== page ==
“How does it feel to be a problem?”
This cuts deep. Succinctly articulates the sentiment of the former American slave in post-Civil War and emancipatory laments. A problem, but a problem for whom? The former masters/mistresses, the historically omnipresent dominion of the White man.
Du Bois posits the “problem of the colorline” as a problem of the freed slaves as being defined by the whites, a problem for BOTH parties, a problem of mutual, and arguably unforeseeable obstacles, and a problem of inconvenience. Perhaps due to the repercussions of the late 19th century emancipation of slaves, the issue is the assimilation process on both ends: black and white. The co-habitation that has been without precedence and mistakenly overlooked, an abrupt change in the social structure with impunity? The problem may be how “unequipped” society has been/will be to handle this change with rationale. The transition proves not to have been seamless.
The “colorline” is the socially demarcated one that obstinately continues to reinforce a segregation between human beings on the basis of skin color, underlined by tradition. One’s emotional life is historical due to the connotations of such a tumultuous journey from being freed from the chains of slavery and duped into the participating in an illusory system of equal opportunity. “The shades of the prison-house closed round about us all”: the system Du Bois observes to have been built in such a way that is favorable to white people and rigged against blacks. Set up for failure.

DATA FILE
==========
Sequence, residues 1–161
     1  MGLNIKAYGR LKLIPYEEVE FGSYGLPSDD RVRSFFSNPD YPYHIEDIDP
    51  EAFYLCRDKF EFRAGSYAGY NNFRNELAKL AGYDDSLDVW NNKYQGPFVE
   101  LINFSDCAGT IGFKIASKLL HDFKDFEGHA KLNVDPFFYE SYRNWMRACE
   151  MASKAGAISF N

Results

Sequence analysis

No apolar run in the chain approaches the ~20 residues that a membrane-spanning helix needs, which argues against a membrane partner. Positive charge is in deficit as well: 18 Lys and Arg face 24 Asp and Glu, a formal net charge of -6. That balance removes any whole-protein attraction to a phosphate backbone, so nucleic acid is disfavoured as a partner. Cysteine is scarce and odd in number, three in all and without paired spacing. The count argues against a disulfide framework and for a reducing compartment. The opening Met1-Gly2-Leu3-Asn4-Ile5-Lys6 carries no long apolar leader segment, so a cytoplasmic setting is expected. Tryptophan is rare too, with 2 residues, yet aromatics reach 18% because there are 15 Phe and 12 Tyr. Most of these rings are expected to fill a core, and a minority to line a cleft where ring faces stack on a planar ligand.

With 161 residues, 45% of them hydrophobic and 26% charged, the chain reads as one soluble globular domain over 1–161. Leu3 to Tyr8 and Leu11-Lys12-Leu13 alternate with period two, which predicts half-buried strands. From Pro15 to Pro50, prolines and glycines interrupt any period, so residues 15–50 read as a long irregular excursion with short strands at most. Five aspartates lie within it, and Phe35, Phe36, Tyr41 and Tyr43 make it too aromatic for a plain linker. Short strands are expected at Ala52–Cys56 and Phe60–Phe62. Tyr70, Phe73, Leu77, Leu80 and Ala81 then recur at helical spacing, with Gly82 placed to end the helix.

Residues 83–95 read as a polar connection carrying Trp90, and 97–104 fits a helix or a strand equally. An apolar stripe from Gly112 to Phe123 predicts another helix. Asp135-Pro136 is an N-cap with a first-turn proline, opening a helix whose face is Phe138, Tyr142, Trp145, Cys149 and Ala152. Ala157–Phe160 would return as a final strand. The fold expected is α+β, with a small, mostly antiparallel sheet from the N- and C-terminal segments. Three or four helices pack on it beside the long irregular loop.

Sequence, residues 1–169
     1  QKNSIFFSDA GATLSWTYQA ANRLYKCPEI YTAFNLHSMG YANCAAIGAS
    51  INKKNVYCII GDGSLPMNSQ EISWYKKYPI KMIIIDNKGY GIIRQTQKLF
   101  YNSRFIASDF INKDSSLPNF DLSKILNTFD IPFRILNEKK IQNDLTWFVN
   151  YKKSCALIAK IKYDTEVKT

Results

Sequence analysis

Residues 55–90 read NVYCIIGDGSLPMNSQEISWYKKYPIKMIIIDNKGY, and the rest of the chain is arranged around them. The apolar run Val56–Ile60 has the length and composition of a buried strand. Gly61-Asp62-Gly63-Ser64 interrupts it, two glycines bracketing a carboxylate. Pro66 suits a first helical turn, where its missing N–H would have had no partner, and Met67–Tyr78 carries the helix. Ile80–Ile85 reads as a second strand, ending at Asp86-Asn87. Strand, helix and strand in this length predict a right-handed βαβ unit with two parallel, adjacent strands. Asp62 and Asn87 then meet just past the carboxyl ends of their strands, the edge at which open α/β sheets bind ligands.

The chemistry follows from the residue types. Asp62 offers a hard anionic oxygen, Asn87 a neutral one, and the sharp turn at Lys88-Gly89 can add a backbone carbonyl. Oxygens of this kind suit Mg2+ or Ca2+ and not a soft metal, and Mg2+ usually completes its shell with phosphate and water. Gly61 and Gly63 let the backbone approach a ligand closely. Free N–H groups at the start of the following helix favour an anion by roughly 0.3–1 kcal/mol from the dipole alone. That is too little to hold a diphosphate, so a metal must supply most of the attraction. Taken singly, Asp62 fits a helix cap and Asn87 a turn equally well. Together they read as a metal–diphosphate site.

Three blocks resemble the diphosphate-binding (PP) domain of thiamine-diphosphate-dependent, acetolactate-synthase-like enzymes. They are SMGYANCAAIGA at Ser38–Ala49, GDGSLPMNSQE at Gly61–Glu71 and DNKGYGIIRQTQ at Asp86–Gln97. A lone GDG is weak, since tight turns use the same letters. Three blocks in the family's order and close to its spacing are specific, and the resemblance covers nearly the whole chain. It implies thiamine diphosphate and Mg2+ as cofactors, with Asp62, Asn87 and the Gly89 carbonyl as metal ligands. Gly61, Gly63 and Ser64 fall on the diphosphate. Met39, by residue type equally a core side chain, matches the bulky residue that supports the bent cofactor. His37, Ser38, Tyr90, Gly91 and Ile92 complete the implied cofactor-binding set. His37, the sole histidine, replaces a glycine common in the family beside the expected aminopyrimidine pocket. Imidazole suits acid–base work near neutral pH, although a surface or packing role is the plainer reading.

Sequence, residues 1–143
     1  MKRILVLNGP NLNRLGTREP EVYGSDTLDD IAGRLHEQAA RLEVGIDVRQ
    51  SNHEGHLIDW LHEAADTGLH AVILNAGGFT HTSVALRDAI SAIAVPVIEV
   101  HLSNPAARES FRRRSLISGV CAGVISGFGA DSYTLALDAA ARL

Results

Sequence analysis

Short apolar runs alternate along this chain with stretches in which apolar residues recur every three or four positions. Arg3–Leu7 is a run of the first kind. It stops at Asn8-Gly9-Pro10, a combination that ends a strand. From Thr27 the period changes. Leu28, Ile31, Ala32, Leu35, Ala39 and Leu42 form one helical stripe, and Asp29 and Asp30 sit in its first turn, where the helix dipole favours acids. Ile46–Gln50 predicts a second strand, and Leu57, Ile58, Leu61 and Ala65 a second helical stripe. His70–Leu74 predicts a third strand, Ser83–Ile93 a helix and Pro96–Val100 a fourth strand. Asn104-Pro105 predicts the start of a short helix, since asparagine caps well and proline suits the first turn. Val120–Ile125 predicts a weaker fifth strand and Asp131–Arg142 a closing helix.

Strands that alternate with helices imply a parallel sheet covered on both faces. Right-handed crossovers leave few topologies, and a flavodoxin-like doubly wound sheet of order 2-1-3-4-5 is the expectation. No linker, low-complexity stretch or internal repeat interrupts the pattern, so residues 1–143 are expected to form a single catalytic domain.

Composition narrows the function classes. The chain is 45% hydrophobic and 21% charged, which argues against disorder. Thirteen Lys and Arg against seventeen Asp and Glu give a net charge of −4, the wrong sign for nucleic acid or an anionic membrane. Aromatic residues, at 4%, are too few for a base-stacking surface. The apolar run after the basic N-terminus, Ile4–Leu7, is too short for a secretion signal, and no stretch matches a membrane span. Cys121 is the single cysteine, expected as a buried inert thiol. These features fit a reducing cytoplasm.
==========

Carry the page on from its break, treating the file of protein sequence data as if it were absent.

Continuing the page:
Identity is not yours to conclude. “The veil”/”double consciousness.” A dual perception of self simultaneously existing within one entity. Du Bois delineates this state as that of man and African American. Also, two worlds: white world/white privilege vs. the disenfranchised/condescended. He had observed other black boys: growing bitter with all things white. Growing subservient. Playing into a self-fulfilling prophecy of wastefulness, internalizing the perceived ignorance and social inferiority of blacks.
His brethren have grown to be disillusioned, mistaking a latent form of slavery for freedom. They have not been allowed to utilize their full potential, merely exploited and mistakenly deeming THAT as their only potential, and perhaps consequently “to make them ashamed of themselves”.
Instead of vying for one consciousness over the other, Du Bois does not urge for either self to be subsumed by the other, but a future where both selves can be allowed to coexist.
This is not an ephemeral state of consciousness, limited to the context in which Du Bois was writing in and referring to, the concept of “double consciousness” and “the veil” is one that has not lost its potency over time. This resonates today with minorities and the treatment of “cultural/racial/ethnic alterity”. The hegemonic white-ness of our society is ever at play, compounded with the patriarchal exercise of politics, leaving me with a triple consciousness: Arab. American. Woman.